Middle schools sparkle on FCAT

Sixth- and seventh-graders record their biggest one-year gain ever in reading, though many are still struggling.

Published May 24, 2006

For the first time since high-stakes testing began in Florida, middle school students are showing clear signs of progress in reading.

Statewide, 64 percent of sixth-graders and 61 percent of seventh-graders are reading at or above grade level, up 8 points from last year, according to Florida Comprehensive Assessment Test results released Tuesday.

The one-year gain is the biggest ever for both grades.

"The focus of our efforts early on were in elementary school, and it appears to me that they have had some results on the middle school years," said Gov. Jeb Bush, who has championed use of the FCAT to grade schools, despite intense opposition from teachers. "But the middle schools themselves have also taken up the mantle of reform."

Until this year, middle school students had shown only tiny annual gains, while their counterparts in elementary schools were making big strides.

This year's numbers still show that more than 40 percent of middle school students struggle to read. But since 2001, the number of sixth- and seventh-graders reading at or above grade level has grown 13 percent - a jump that represents tens of thousands of students.

The same pattern unfolded in all five west-central Florida school districts. Among other factors, educators credited the state's decision two years ago to send hundreds of reading coaches into middle schools to replicate what had been done in the lower grades. More than 90 percent of the lowest-scoring students were given extra help last year.

"Whatever's causing it, something good is happening in Florida," said Al Summers, a director for the Ohio-based National Middle School Association, which represents 180,000 teachers nationwide.

Tuesday's release included math and reading scores for grades four through 10 and came on the heels of third-grade scores that also showed record gains.

Students in grades three through 10 are tested annually in reading, writing and math. Their scores determine whether third-graders are retained, whether high school seniors graduate and what letter grade is assigned to each school.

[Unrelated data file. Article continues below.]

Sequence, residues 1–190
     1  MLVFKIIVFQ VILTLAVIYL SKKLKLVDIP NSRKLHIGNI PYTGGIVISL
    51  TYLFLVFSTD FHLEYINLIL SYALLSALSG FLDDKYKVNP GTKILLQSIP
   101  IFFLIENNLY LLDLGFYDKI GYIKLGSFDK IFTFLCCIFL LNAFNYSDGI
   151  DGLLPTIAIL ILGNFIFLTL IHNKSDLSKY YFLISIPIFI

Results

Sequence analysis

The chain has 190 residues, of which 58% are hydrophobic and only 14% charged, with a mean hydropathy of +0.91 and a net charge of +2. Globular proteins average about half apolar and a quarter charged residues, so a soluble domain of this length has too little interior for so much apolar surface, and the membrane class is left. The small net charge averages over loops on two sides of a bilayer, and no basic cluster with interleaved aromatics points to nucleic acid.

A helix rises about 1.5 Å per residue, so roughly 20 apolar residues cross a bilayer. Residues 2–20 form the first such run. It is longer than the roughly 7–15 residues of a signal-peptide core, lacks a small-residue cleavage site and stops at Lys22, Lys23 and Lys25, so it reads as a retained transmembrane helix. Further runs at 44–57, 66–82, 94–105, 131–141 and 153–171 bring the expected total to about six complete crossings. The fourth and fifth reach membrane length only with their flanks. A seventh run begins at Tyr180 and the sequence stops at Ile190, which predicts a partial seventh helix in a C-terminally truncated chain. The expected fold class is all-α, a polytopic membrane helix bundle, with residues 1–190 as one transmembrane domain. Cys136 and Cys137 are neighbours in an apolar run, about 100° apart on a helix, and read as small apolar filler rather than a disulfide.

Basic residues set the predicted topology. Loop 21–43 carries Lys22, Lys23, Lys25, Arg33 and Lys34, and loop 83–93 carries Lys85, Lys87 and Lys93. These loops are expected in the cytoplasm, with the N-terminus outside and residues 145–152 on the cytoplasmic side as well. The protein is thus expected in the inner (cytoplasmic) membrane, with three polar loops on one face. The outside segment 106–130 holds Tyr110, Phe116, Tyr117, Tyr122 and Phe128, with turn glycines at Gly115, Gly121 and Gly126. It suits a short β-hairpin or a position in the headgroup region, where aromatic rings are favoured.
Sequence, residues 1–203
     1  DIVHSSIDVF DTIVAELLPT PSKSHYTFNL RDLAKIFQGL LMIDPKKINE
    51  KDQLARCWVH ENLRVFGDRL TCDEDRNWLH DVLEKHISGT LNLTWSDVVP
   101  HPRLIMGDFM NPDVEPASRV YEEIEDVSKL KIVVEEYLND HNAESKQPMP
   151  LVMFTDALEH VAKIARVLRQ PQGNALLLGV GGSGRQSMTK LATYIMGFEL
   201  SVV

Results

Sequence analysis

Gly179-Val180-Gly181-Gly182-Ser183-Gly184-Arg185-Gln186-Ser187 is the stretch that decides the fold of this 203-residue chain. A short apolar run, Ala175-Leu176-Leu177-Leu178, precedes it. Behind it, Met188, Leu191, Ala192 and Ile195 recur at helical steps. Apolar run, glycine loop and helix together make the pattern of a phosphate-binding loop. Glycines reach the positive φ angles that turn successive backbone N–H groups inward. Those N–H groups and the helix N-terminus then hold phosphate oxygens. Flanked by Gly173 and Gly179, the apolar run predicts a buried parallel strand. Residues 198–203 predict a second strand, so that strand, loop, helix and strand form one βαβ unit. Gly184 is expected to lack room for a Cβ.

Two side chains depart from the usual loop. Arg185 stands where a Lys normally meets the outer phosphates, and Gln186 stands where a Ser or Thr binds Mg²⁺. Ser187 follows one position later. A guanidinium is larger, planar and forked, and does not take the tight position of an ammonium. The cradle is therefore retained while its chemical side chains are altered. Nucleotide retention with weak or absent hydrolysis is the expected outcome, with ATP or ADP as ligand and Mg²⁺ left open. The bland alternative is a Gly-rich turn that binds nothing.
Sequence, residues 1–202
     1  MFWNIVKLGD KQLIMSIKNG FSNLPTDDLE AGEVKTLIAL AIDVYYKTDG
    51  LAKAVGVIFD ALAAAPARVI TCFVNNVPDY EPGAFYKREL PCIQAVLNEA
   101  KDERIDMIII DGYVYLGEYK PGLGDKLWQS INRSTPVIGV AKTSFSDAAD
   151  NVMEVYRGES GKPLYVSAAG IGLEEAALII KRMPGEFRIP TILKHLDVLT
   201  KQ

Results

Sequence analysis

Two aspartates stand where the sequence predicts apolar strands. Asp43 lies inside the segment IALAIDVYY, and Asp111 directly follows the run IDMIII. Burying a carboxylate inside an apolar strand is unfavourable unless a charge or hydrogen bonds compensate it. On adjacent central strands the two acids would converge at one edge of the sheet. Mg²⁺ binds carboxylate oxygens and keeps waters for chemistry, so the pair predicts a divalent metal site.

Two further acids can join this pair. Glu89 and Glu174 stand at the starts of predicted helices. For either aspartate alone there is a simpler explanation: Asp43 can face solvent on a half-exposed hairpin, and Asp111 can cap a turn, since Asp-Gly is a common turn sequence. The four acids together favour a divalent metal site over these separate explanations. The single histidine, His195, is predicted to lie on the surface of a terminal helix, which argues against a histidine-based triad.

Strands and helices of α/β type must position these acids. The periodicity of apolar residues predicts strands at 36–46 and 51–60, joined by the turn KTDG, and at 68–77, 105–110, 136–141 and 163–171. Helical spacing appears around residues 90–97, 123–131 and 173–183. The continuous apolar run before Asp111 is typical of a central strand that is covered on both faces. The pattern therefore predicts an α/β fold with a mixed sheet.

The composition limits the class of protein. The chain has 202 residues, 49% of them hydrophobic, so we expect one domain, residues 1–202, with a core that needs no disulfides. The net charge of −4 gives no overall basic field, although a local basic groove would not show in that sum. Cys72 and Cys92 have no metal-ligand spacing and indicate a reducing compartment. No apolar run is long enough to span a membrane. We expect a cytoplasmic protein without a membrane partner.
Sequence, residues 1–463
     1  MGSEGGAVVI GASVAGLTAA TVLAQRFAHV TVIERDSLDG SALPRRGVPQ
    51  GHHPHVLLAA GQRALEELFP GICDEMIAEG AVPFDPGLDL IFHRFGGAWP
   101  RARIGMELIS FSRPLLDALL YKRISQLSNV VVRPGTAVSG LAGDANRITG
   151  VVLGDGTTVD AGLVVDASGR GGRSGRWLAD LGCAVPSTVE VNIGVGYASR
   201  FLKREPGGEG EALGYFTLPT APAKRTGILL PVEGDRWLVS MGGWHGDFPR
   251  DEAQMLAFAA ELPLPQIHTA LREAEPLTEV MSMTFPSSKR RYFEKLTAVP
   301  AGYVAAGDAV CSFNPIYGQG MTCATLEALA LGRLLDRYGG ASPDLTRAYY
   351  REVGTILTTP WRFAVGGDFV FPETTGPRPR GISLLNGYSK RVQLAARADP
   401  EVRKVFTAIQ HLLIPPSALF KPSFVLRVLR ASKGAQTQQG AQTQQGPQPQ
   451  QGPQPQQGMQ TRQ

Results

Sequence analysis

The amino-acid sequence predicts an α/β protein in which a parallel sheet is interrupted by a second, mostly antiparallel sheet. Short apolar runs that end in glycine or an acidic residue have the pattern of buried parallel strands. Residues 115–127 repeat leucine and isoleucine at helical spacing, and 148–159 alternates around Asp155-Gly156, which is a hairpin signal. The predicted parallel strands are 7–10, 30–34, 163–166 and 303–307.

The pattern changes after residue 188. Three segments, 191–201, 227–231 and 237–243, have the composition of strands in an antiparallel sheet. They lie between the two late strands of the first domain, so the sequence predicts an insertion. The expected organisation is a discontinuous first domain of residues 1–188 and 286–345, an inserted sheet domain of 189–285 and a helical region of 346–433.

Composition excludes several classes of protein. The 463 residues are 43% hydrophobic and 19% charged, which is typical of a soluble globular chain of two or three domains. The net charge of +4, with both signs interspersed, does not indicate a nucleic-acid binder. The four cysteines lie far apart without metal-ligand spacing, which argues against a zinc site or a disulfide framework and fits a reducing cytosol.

Tuesday's FCAT release wasn't all glowing. Or without criticism.

Tenth-grade reading scores were again stagnant statewide, with only 32 percent reading at or above grade level - a decline of 5 percent since 2001. Pinellas has fared even worse, with an 11-point drop over that time.

"The latest FCAT results are nothing to brag about," Rep. Chris Smith, D-Fort Lauderdale, said in a written statement.

Fourth-grade reading scores also hit an unexpected snag, falling in every west-central Florida district and five percentage points statewide.

Education Commissioner John Winn cited possible reasons, all tied to the state's third-grade retention policy. They include a higher number of fourth-graders this year who were held back in third grade twice, and a higher number of students who avoided retention by showing through a portfolio of work that they deserved to be promoted.

The state Department of Education could not immediately provide specific numbers for either factor. But Winn said the fourth-grade drop-off could bring renewed attention to the portfolio policy, which some observers call a loophole.

"We just need to make sure that if we're using alternative measures, we're not lowering our standards," he said.

District officials are still scratching their heads over the fourth-grade results.

Even some of the area's best schools, including Curtis Fundamental Elementary in Clearwater, saw a plunge. Last year, 99 percent of its fourth-graders tested at or above grade level. This year, 80 percent did.

One area official suggested this year's fourth-grade test was more difficult, but Winn said a quality control review showed that wasn't the case.

In any event, Bush and Winn accentuated the positive Tuesday.

Overall, the number of students reading at or above grade level in all grades has moved from 47 percent in 2001 to 57 percent this year. The number adequately performing basic math has climbed from 50 to 61 percent.

At the same time, the achievement gap between white and minority students has persistently narrowed. And there are continued gains among disabled students and those who speak English as a second language.

"This does give hope for a whole lot of families and a whole lot of students that, had we not reformed our system, may have ended up being below basic readers," Bush said.

Some middle school experts weren't ready to concede full credit to Bush.

For years, middle school teachers were unprepared to deal with the challenges presented by middle school students - a fidgety tangle of hormones, peer pressure and developing brains - and tailor teaching styles accordingly, said Jeffrey Dow, a former officer with the Florida League of Middle Schools and now a Gainesville-based educational consultant.

But more education colleges are now offering that training, and many teachers are getting it through professional development.

"That's one of the things we've gotten better at in the last five years," Dow said.

Times staff writers Alex Leary, Donna Winchester and Letitia Stein and researcher Connie Humburg contributed to this report.


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For complete FCAT results, including scores for individual schools, go to http://fcat. fldoe.org/